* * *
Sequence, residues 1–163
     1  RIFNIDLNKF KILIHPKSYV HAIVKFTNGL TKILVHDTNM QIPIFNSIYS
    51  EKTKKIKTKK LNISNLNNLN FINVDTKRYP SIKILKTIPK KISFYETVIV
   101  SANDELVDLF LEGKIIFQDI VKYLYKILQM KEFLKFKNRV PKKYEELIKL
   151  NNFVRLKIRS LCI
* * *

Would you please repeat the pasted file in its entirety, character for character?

Sequence, residues 1–163
     1  RIFNIDLNKF KILIHPKSYV HAIVKFTNGL TKILVHDTNM QIPIFNSIYS
    51  EKTKKIKTKK LNISNLNNLN FINVDTKRYP SIKILKTIPK KISFYETVIV
   101  SANDELVDLF LEGKIIFQDI VKYLYKILQM KEFLKFKNRV PKKYEELIKL
   151  NNFVRLKIRS LCI